February 24th, 2010 → 2:37 pm @ Josh Andrews
On Monday, we published a chart listing the top 20 streams on the Public Radio Player. As mentioned in that post, we are just beginning to sort through the analytics on how public radio fans are using the iPhone app. We were excited about the data and wanted to share some of it right away. Without reading too much into the specifics, I made some initial inferences based on the results. Well, it turns out I missed one very important piece of the puzzle.
I opened the Public Radio Player yesterday and it hit me like a ton of bricks. The opening page of the app lists a group of featured live streams. That list is almost identical to the Top 20 rankings published on Monday. There is such a large overlap that one must conclude that the presence of a station on the featured list is a major influence on the usage of their stream. That is, the Public Radio Player app is both cause and effect of the top station rankings.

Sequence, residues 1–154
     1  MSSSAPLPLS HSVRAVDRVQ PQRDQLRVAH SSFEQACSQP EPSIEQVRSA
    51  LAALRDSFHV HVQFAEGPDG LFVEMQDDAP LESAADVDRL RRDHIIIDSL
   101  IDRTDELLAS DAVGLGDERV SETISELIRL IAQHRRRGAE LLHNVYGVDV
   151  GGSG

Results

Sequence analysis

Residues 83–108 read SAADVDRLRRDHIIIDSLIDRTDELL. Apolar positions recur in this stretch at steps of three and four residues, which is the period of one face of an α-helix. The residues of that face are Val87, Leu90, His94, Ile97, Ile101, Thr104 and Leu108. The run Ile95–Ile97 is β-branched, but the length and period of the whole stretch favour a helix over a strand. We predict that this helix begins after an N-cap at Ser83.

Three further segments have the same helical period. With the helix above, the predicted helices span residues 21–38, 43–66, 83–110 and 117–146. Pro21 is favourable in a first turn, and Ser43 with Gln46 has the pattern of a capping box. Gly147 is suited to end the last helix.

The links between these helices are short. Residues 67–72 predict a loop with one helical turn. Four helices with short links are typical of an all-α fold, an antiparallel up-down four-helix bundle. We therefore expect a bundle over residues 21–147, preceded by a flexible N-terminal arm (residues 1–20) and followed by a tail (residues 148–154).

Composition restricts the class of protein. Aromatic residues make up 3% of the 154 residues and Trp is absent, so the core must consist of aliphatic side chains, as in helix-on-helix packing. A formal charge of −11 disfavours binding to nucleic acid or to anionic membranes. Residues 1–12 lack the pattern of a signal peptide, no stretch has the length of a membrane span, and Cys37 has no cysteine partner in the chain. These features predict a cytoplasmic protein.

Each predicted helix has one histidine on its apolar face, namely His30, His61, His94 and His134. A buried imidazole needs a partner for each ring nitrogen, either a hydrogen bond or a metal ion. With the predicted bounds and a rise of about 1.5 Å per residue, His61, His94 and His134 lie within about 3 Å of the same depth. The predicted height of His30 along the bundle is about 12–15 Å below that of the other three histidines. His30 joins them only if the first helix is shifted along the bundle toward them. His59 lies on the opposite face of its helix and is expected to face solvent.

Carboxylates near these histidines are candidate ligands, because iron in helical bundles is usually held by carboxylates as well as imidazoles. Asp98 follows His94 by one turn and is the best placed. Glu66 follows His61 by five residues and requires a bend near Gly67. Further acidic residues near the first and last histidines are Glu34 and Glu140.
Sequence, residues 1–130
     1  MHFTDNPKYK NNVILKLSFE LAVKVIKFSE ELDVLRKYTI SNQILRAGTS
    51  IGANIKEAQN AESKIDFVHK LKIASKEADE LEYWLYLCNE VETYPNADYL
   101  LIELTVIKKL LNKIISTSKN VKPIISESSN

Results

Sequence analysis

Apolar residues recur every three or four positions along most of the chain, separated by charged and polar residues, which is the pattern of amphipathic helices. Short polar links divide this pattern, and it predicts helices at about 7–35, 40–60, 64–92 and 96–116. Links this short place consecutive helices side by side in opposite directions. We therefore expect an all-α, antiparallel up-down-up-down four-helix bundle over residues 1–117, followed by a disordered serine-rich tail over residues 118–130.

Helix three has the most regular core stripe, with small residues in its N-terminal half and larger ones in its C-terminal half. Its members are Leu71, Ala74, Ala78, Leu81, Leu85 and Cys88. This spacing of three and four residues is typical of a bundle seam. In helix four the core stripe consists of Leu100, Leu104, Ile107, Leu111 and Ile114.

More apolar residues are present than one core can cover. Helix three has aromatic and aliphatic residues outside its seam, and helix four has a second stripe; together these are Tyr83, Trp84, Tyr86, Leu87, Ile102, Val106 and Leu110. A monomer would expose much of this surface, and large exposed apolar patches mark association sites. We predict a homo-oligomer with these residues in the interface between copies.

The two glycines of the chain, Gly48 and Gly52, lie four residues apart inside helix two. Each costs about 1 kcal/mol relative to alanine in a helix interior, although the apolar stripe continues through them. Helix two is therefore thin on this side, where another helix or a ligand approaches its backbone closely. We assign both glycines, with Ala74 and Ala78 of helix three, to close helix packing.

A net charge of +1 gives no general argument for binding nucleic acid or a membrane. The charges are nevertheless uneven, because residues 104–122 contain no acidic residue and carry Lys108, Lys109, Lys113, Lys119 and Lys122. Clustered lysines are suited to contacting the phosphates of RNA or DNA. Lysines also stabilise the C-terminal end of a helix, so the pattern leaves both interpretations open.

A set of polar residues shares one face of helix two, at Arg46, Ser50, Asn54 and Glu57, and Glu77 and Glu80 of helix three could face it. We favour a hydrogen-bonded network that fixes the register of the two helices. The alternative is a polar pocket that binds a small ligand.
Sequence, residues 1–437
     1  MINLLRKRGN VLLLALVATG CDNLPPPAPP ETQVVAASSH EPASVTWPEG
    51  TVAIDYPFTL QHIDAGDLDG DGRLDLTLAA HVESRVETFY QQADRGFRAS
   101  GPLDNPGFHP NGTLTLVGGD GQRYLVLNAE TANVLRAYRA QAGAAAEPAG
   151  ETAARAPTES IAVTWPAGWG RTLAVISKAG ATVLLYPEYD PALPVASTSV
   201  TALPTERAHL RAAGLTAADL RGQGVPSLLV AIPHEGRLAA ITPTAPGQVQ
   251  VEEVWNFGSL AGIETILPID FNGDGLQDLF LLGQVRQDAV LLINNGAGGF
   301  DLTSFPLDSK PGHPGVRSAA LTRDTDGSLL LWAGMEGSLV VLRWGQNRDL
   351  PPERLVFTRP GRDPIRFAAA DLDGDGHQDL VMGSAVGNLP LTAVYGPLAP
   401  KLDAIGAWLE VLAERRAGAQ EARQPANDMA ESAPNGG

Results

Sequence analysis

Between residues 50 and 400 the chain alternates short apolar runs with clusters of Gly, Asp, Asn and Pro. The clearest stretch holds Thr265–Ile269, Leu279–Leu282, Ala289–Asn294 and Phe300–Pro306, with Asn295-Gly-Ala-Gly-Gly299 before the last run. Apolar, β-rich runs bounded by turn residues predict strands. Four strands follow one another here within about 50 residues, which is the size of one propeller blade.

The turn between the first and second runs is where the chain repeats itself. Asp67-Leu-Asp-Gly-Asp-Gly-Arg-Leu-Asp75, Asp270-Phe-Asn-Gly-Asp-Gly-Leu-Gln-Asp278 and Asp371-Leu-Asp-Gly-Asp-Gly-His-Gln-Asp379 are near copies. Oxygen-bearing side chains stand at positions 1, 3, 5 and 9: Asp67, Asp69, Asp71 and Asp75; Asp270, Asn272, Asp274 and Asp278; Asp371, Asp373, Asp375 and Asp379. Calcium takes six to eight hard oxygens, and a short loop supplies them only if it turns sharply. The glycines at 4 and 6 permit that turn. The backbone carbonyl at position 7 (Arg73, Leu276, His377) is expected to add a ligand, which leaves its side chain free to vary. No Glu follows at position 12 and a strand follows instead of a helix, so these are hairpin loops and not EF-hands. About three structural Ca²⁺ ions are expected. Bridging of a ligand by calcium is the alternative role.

I’m not sure if we should categorize my mistake as a case of reflexivity, the observer effect, the Hawthorne effect, or simply a hall of mirrors. I think I had my nose too deep in spreadsheets of data to see what was right in front of me. I goofed – and I apologize for the error.
But the influence of the featured stations list is an important finding. We initially included a featured stations page as a way to improve the load time of the app and to provide a jumping off point for new users (a list of 400 stations and 1000 on-demand options can be a lot to digest). The role of the featured stations list on the streaming choices of users is larger than we expected. We are making some immediate changes to rotate more stations into the featured list and introduce public radio fans to a greater variety of live streams when opening the app. We will continue to monitor the top streams and watch how the featured list influences stream performance over time.
Again, apologies for the omission of these details in our last post.